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Hal Licino

The Top 5 FTC Definitions In Podcaster Pay-For-Play Laws

Apr 25 2014, 06:00 AM by

Two P's in a Podcast: Preparation to Publishing

 

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Pay for play is not in any way a phenomenon which has first surfaced in the social media podcast age. Payola was common in the vaudeville era of the Roaring Twenties and in 1959 Alan Freed, the DJ who popularized the term rock and roll, faced trial for accepting money to play specific records on the air. When it comes to the Wild Wild Web, podcasters are just as responsible for adhering to rules which prohibit pay for play as anyone working in the more traditional forms of media such as radio and television… and the Federal Trade Commission (FTC) wields the legislative sword to ensure that everyone complies.

Yes, podcasts are regulated by the FTC
The FTC is well aware that endorsements from all types of influential sources are an important factor which assists consumers in making purchasing decisions. That is the primary reason why the Commission mandates that whenever anyone (and that includes podcasters) are sharing content with any audience in the United States which a “reasonable consumer” could interpret as an influence, a disclosure of the relationship with the promoted party will be “clearly and conspicuously” included.

There are various definitions of terms included in the FTC regulations which must be clearly understood by all podcasters but these are the five most significant:

  1. Material relationships. Also known as material connections, they are the existing connections between a podcaster engaged in endorsements and the marketer of a specified product or service.

  2. Deception. The FTC regulations specify that a statement made on a podcast is deceptive if it can be deemed to mislead a “significant minority” of consumers. That is a very critical statement as even if one out of five of your podcast listeners could be seen as being deceived by your podcast you could be in some very hot legal waters.

  3. Clear and conspicuous. The placement of the disclosure in your podcast about your endorsement has to be “discernable and understood” by an average consumer. Therefore, whispering your disclosure at 15 dB over the speaker-blasting screaming guitars of your intro doesn’t cut it with the FTC.

  4. Endorsers. Podcasters are classified as endorsers as they fall into the legal definitions of “advocates,” “influencers,” or “ambassadors.” Podcasters who receive products at no charge or even at a discount, as well as those who are paid outright are legally endorsers.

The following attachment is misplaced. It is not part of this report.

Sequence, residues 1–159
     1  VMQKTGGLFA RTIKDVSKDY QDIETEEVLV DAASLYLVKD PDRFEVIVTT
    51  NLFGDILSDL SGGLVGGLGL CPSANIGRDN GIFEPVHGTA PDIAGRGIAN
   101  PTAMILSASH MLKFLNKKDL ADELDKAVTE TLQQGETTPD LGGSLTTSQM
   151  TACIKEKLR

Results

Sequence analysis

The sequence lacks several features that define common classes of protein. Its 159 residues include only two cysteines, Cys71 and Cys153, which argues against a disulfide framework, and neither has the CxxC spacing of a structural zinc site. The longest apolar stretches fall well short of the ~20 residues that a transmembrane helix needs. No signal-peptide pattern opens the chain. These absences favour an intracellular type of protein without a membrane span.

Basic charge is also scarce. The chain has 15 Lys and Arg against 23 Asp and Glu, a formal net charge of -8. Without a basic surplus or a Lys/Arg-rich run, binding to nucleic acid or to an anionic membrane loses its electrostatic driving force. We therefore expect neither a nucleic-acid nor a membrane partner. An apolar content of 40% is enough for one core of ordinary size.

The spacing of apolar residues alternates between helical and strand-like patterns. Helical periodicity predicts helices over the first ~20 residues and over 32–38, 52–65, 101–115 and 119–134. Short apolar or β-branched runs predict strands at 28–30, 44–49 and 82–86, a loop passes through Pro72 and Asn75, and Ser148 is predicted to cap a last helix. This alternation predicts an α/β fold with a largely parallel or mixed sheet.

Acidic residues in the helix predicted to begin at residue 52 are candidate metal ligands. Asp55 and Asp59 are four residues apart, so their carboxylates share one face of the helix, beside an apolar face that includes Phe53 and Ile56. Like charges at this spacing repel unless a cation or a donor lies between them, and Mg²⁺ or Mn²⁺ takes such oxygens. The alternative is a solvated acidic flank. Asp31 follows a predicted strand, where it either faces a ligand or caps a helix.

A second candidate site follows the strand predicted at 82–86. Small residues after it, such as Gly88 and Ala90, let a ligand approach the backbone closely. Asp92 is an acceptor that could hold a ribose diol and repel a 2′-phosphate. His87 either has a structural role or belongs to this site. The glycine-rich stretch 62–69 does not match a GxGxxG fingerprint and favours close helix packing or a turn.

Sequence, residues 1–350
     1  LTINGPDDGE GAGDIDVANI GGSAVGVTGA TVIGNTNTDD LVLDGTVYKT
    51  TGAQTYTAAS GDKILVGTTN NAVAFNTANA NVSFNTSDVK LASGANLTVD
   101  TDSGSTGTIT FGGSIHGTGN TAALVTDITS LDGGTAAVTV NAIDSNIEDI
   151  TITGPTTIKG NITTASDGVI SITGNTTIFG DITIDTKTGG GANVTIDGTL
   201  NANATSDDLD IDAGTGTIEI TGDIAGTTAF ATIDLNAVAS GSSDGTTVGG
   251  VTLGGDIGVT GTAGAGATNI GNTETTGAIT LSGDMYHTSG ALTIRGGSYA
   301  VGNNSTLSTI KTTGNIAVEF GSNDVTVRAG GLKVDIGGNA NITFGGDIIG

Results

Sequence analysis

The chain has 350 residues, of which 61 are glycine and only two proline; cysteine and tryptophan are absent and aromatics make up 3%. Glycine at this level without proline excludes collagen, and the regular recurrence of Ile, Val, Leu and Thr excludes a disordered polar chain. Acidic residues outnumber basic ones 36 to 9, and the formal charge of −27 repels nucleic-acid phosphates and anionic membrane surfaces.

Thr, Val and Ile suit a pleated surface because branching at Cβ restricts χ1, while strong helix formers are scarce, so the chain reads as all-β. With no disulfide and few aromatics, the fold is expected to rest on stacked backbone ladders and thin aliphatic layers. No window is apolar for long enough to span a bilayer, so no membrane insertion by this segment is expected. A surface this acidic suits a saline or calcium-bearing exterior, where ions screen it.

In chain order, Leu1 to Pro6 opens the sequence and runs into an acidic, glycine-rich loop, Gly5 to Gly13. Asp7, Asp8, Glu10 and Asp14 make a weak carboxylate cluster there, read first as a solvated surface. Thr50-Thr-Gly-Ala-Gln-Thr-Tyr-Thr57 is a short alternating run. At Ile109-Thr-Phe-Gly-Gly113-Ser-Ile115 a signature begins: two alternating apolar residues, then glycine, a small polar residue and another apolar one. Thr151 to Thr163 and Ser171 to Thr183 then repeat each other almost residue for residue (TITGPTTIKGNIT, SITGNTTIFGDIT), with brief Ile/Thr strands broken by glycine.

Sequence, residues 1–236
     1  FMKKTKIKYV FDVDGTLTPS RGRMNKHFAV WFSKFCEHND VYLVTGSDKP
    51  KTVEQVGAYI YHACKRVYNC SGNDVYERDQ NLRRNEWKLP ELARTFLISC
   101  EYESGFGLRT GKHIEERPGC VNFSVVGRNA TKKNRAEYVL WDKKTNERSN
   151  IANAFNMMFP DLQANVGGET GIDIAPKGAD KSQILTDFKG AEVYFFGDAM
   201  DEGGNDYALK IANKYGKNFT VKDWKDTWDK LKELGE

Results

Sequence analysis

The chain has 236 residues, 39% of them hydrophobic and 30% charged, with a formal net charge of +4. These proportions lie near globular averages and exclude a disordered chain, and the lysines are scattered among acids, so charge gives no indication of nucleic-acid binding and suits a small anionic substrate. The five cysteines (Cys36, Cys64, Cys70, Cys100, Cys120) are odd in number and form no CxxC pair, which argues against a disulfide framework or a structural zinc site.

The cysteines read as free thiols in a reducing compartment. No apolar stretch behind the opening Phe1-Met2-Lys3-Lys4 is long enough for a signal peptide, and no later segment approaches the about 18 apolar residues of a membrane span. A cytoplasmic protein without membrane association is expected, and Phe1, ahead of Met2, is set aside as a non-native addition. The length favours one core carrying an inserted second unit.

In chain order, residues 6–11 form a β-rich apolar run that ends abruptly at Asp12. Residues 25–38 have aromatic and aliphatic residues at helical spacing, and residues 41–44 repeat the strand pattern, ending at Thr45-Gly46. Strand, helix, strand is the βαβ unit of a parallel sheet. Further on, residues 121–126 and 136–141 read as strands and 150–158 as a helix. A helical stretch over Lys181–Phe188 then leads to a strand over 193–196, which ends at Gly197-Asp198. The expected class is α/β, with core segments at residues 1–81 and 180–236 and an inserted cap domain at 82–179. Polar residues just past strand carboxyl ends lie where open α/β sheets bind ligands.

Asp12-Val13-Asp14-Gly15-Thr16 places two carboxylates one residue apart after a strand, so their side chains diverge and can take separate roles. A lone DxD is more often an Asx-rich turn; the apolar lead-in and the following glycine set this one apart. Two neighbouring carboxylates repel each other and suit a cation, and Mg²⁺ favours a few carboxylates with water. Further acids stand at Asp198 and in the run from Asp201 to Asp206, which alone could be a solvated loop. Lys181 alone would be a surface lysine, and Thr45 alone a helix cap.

5. Endorsement. The FTC assumes that any podcast statement dealing with testimonials or reviews of a product or service fall under the term of endorsement.
An extended definition of endorsement
The extended definition of what is an endorsement in podcast terms is essentially commercial speech, and the borders between what is free speech and what is commercial speech are extremely tenuous. An individual posting on their Facebook page that they just bought an XYZ-Tech tablet and they absolutely love it is definitely on the side of free speech. However, an individual who is engaged in a profit-making operation through the production of podcasts and who has received either a cash payment or the “gift” of the tablet itself from XYZ-Tech who makes an equivalent statement falls on the side of commercial speech.
Could a consumer be reasonably deceived?
There is a very fine legalistic distinction in what effectively constitutes an endorsement as the FTC does not necessarily consider endorsements as being specific to their content. Therefore the Commission does not consider a disclaimer statement by the podcaster that “the content of this podcast is not intended to be a review or testimonial” as valid in any way. The FTC determines whether or not an endorsement was actually included in your podcast according to the actual content message which is received by the consumer. If the Commission believes that a consumer could reasonably be deceived by a podcast’s content into believing it was an “honest and uncompensated” review when indeed valuable compensation did exchange hands favoring the podcaster, then the law has been violated.

You don’t have to be an infomercial pitchman like Kevin Trudeau to face 10 year jail terms as the FTC considers podcasts equivalent to TV broadcasts, so obey the laws!



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